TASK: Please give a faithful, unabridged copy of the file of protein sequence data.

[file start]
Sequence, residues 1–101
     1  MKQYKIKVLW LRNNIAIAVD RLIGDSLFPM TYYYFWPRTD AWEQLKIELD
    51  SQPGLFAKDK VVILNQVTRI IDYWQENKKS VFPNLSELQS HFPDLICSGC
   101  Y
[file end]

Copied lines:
Sequence, residues 1–101
     1  MKQYKIKVLW LRNNIAIAVD RLIGDSLFPM TYYYFWPRTD AWEQLKIELD
    51  SQPGLFAKDK VVILNQVTRI IDYWQENKKS VFPNLSELQS HFPDLICSGC
   101  Y